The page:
For most of 2016, corn prices were relatively low compared to the trailing-five-year period. Prices averaged ~$3.6 per bushel in 2016, lower than the average of $3.8 per bushel in 2015. Let’s look at how corn prices have fared so far in 2017.
Prices remain a challenge
YTD (year-to-date), corn prices averaged $3.65 per bushel, compared to $3.74 per bushel in the corresponding period in 2016. According to the USDA’s (U.S. Department of Agriculture) monthly report in June, the global corn stock-to-use ratio for the 2017–2018 season came in slightly lower month-over-month at 18.3% compared to 18.4% in May.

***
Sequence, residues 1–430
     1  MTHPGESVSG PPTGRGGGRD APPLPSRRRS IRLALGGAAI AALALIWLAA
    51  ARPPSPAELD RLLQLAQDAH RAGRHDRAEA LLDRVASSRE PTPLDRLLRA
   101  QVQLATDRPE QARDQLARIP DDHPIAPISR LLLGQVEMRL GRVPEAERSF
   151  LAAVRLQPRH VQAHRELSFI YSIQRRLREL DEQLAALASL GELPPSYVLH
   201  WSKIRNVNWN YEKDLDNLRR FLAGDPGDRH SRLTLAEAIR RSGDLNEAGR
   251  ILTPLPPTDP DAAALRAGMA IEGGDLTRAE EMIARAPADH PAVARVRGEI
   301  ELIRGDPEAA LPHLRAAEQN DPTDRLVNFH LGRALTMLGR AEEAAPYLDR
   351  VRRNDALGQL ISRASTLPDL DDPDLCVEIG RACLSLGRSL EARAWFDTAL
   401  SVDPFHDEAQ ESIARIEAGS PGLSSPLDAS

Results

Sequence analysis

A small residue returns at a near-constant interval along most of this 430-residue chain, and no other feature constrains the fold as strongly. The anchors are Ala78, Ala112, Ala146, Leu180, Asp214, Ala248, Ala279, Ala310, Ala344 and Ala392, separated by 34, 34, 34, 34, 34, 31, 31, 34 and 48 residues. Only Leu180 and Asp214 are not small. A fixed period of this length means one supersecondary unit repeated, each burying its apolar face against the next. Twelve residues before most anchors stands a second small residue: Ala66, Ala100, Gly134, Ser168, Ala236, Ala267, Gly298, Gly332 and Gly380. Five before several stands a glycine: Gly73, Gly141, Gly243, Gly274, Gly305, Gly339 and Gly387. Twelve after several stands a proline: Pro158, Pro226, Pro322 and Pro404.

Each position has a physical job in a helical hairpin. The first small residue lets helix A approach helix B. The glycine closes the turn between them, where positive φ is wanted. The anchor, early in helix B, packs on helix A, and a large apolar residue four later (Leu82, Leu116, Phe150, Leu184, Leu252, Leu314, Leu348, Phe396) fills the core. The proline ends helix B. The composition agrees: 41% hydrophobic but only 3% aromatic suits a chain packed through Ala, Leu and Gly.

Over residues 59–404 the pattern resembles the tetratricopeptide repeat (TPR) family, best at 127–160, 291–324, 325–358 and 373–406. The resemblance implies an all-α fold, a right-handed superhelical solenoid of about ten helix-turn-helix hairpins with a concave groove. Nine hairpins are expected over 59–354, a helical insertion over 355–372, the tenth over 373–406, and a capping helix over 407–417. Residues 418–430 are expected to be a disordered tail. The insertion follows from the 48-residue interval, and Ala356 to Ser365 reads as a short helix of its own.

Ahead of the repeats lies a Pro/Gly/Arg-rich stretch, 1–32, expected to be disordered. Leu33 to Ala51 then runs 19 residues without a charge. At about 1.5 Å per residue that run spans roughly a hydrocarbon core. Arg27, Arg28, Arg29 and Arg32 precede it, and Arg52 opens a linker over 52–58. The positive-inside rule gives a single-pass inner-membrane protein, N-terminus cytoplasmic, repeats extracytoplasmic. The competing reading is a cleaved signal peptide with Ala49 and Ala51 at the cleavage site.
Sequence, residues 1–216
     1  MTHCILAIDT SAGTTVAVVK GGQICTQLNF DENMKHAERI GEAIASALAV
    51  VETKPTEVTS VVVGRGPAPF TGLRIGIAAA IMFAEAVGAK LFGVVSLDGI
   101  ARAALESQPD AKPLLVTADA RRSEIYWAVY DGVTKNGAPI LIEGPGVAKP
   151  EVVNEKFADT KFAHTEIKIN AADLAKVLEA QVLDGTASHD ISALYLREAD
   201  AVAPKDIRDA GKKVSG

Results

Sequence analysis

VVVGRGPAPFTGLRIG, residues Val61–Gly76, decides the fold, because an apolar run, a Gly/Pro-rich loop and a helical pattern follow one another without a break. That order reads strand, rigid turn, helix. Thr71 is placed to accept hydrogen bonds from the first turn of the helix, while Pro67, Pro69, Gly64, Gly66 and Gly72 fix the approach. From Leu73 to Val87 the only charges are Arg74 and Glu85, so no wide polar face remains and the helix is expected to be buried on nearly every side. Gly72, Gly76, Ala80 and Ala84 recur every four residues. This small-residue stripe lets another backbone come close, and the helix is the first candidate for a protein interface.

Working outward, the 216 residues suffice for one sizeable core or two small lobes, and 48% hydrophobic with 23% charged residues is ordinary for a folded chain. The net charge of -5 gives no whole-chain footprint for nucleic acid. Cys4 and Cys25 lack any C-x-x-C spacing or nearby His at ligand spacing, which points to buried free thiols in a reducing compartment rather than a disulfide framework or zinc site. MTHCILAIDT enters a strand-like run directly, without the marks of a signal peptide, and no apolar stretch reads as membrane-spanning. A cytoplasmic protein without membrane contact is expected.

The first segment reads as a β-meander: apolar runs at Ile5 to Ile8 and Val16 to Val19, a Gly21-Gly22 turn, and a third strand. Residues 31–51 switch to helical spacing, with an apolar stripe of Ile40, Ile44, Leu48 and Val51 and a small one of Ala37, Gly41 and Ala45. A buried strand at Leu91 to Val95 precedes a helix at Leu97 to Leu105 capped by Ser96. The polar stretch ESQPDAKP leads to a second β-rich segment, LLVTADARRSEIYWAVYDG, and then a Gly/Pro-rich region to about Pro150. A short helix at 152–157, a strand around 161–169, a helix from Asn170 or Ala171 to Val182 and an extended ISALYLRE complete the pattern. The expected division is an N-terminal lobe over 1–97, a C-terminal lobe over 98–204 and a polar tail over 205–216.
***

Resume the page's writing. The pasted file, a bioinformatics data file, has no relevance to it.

However, year-over-year, the corn stock-to-use ratio fell compared to 21.3% in June of the 2016–2017 season.
The total inventory or ending stock of corn stood at 194.3 million metric tons, lower month-over-month in June compared to its level of 195.3 million metric tons in May. In the corresponding month a year earlier, corn’s ending stock stood at 224.6 million metric tons.
In the agriculture industry, the stock-to-use ratio tells us how much inventory of a particular crop, carried over from the previous period, is available as a percentage of total consumption.
A relatively low corn stock-to-use ratio may lead to higher corn prices. Monsanto (MON), Syngenta (SYT), CF Industries (CF), and The Mosaic Company (MOS) are a few examples of agricultural fertilizer companies (MOO) that benefit from positive corn movements.
Next, we’ll discuss soybean prices.